Survey background

More than 1,300 high technology entrepreneurs in the software, biotechnology, medical devices, and computer hardware fields filled out the Berkeley Patent Survey. All of these firms had been started no more than ten years before the survey was conducted. We drew our sample from a general population of software firms registered with Dun & Bradstreet (D&B) and from the VentureXpert (VX) database that has a rich data set on venture-backed startups. (Just over 500 of the survey respondents were D&B firms; just under 200 were VX firms.)

Eighty percent of the software respondents were either the CEOs or CTOs of their firms, and most had experience in previous startups. The average software firm had 58 employees, half of whom were engineers. Between 10 and 15 percent of the software startup respondents among the D&B respondents were venture-backed firms. Among the software respondents, only 2 percent had experienced an initial public offering (IPO), while 9 percent had been acquired by another firm.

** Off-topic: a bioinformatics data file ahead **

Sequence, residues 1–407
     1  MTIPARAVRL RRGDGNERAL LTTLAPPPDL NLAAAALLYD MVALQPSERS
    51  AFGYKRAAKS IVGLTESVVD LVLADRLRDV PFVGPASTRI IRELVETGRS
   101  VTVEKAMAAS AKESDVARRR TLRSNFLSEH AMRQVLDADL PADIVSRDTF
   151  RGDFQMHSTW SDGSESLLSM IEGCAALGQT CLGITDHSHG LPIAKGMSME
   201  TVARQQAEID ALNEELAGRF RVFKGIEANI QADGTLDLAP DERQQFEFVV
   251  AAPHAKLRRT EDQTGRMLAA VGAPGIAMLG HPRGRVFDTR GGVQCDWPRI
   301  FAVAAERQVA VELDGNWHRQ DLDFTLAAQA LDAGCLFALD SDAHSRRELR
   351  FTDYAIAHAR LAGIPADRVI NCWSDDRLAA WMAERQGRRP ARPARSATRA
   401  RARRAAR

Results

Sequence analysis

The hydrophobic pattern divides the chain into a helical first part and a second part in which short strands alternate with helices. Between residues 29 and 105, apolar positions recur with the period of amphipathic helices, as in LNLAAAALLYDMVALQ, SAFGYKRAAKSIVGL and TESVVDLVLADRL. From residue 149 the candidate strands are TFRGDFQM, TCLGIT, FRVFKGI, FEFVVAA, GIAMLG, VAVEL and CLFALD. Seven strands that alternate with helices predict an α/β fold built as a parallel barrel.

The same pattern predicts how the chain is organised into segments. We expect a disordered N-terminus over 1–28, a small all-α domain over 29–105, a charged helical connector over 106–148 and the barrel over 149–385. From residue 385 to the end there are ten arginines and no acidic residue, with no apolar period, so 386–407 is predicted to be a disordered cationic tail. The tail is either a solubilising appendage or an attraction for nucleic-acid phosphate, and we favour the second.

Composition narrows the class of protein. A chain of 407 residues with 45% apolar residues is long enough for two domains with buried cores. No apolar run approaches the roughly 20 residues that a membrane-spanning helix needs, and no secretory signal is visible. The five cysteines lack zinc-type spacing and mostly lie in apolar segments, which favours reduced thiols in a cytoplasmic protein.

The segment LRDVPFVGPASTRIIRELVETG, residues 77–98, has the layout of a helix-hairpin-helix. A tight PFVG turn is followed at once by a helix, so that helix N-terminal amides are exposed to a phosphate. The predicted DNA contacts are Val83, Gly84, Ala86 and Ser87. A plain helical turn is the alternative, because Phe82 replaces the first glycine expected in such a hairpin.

Our interest in conducting this survey arose because high technology entrepreneurs have contributed significantly to economic growth in recent decades. They build firms that create new products, services, organizations, and opportunities for complementary economic activities. We were curious to know the extent to which high tech startups were utilizing the patent system, as well as to learn their reasons for choosing to avail themselves of the patent system — or not.